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Accomplishments are a Stitch

Quilts After over 20 years in the business world, much of it in a project management and/or consulting capacity, I think I just stumbled upon the "holy grail" of business knowledge this morning.

The one question I field the most in my career is what one skill an existing or up-and-coming leader needs to have in his or her back pocket to be successful and significant.  (As many already know, it really takes an arsenal of skills to achieve this accomplishment, but humor me on this one and we'll say it can be boiled down to one skill.)

Are you ready for this?

If you encounter an executive who wants to take that ONE training class that will set him or her apart from the pack, here's what you should tell them:


Yes, you read that right: Q-U-I-L-T-I-N-G

As you've noticed, I've been spending a lot of time with my mom recently, and in her desire to "seize the accomplishment," she likes to tackle her favorite hobby: quilting.  So this morning, we cut out some pieces of fabric for a quilt she's making for my niece.

That's when it hit me.  If a leader can master the art and science of quilting, running an organization should be a cake walk.  But let's break this down a bit:

  • Process - at its core, quilting is the process of taking materials and resources, breaking them down into component parts, and reassembling them into something of value.  Isn't that what any organization with a mission and a customer base aspires to do?
  • Resources - any quilter would love the opportunity to pick out her (or his) own fabrics; however, being a very resourceful lot, they also know how to make the best of whatever scraps they have on hand. (They also know which scraps are useless and get rid of them or put them on backlog for a future project.)
  • Pattern - once the fabric is chosen (or thrust upon them), quilters pick the best pattern or set of patterns for their masterpiece.  Experienced quilters have a plethora of patterns at their disposal, and while they may have favorites, can draw from many different styles to fit what's best for the purpose and material. There is no "six sigma pattern" to solve every quilting dilemma.
  • Precision - I watched my mom cutting out squares of fabric; she was exact down to an eighth of an inch. There was no room for variation. Measure twice; cut once. I made a couple of goofs, but she was very forgiving while I picked up the fabric cutting skill to her specifications.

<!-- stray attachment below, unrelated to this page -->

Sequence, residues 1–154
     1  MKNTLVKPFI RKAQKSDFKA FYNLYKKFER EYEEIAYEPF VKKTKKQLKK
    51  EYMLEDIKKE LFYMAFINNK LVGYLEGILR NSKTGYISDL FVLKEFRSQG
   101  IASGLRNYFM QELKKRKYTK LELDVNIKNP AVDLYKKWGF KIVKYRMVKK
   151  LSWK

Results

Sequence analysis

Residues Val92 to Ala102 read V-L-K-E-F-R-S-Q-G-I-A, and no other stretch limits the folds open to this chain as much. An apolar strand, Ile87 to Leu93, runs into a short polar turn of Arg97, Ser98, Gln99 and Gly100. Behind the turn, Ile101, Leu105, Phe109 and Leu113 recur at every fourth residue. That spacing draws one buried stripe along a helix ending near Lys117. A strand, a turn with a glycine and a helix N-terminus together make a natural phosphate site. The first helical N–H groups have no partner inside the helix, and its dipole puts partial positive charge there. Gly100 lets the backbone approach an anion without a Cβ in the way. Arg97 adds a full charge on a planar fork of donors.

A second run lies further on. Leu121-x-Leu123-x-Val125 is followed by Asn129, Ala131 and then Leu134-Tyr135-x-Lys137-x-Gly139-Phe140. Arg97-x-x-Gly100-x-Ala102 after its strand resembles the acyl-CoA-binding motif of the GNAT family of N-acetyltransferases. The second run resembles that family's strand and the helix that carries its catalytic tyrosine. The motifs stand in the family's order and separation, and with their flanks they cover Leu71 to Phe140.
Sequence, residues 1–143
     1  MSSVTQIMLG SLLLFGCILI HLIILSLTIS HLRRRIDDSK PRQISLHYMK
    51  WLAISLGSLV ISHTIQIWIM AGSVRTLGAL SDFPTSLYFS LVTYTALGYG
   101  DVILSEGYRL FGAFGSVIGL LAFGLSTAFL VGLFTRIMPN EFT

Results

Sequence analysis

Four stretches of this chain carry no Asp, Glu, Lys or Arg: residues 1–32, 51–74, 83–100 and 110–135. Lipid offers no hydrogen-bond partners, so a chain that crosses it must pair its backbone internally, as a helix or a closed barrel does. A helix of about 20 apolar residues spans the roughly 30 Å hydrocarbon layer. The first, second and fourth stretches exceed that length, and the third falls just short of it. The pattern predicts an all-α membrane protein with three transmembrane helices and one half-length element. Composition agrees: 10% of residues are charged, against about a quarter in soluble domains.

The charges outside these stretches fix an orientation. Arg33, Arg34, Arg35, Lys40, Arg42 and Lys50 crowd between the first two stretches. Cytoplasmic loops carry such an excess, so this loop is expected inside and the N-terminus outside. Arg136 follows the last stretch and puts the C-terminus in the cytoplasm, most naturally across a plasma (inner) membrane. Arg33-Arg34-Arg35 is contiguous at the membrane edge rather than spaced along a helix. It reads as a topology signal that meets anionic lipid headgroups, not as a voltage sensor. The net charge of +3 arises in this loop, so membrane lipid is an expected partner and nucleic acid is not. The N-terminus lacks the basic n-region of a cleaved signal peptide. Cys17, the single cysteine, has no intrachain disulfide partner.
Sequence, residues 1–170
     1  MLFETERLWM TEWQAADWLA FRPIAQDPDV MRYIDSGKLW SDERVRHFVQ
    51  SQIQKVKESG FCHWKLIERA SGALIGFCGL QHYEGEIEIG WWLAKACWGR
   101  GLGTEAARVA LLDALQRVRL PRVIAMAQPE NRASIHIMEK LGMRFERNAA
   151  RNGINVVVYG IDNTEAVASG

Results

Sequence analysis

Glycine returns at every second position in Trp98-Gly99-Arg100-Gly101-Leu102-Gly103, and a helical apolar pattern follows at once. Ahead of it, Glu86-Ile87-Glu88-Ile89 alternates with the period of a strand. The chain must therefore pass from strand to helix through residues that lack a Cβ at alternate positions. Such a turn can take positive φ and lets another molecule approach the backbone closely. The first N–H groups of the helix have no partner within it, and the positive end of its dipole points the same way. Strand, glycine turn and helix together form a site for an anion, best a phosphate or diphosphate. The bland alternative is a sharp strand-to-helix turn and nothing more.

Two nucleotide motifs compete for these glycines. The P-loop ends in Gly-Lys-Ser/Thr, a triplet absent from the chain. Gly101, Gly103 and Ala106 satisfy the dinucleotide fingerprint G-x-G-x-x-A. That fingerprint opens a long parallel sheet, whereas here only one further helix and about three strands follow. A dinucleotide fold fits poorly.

• Tracking - quilters know how many blocks they'll need, and they tend to track progress block by block. They know what "done" looks like for each stage of the game.
  • Details - even when blocks are assembled individually, and then pieced together, there are still so many other things that make a great quilt.  Things like batting and backing and sashing and stitching all contribute to a wonderful finished product.  Quilters can pick out a quality product by look and feel; they just know.
  • Individuality - every quilter has a special touch, that pride of ownership that makes a quilt uniquely hers (or his). It may be a special kind of thread, or a contrast of color, or a signature move, but there is something about a quilt that makes it identifiable with its creator.
  • Appreciation - quilters know how to appreciate somebody else's handiwork. While a quilt is an individual accomplishment, quilting is a social act.  Sharing patterns, fabric ideas, etc. has been passed down from generation to generation, through sewing circles and state fairs, from friend to friend.  A true quilter knows how to appreciate the accomplishments of another without tearing down or belittlement.
  • Legacy - if done well, quilts outlive the quilter. They serve as gentle reminders that accomplishment is its own reward, that comfort is earned through hard work, and that the longest and greatest legacies are made, not bought.  Quilts are a reminder of our heritage.  They bring us joy that no corporate bottom line could ever achieve, show us wisdom that the highest priced consultant could never attain, and compel us to a creativity that intertwines simplicity with complexity.

So the next time your C-suite asks for some training on doing their job better, the next time a junior executive wants to head off to that retreat in Maui, the next time the boss wants to attend just one more workshop, hand them a needle and thread and send them to the fabric store.  We'll see if it improves their leadership skills.

And to my mother who has made and shared so many wonderful quilts, I am eternally grateful... especially for this latest lesson you didn't even know you were teaching me this morning.


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Dal Grooms

Beautiful, Tim. And to think of all those with leadership qualities like this who work deftly and modestly. Leaders come from the most unlikely of places! (However, I am dreaming of Maui!)

Ms. Admin

As you've encouraged me to take stock of my skills and abilities while I'm recreating my life I find I have many abilities which I "just take for granted." Yet, they say I'm organized, can think in OR out of the box to find a solution (or possibly create a diversion) and I have a variety of passions -- all of which make my employer look great -- IF they're smart enough to use me to my fullest. Your Mom's quilts are amazing -- but then, she is too.

Mike Wagner

Great set of observations. Amazing what we can learn if we pay attention.

Work that results in legacy is not all that common. You're so right about the legacy of quilting -- we have several 100+ year old quilts hanging in our house. A lasting tribute for sure!

Keep creating...I'm sure you will,

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